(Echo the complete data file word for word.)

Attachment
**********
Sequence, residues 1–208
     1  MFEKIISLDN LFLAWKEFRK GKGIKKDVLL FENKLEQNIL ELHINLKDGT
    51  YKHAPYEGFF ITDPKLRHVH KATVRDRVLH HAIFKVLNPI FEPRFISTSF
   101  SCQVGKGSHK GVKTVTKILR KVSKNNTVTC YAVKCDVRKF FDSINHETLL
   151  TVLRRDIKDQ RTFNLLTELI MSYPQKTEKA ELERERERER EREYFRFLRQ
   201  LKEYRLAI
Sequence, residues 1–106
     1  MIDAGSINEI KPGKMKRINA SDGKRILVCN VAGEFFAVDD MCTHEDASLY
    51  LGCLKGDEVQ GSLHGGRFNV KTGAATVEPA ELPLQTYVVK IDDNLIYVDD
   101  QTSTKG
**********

Sequence, residues 1–208
     1  MFEKIISLDN LFLAWKEFRK GKGIKKDVLL FENKLEQNIL ELHINLKDGT
    51  YKHAPYEGFF ITDPKLRHVH KATVRDRVLH HAIFKVLNPI FEPRFISTSF
   101  SCQVGKGSHK GVKTVTKILR KVSKNNTVTC YAVKCDVRKF FDSINHETLL
   151  TVLRRDIKDQ RTFNLLTELI MSYPQKTEKA ELERERERER EREYFRFLRQ
   201  LKEYRLAI
Sequence, residues 1–106
     1  MIDAGSINEI KPGKMKRINA SDGKRILVCN VAGEFFAVDD MCTHEDASLY
    51  LGCLKGDEVQ GSLHGGRFNV KTGAATVEPA ELPLQTYVVK IDDNLIYVDD
   101  QTSTKG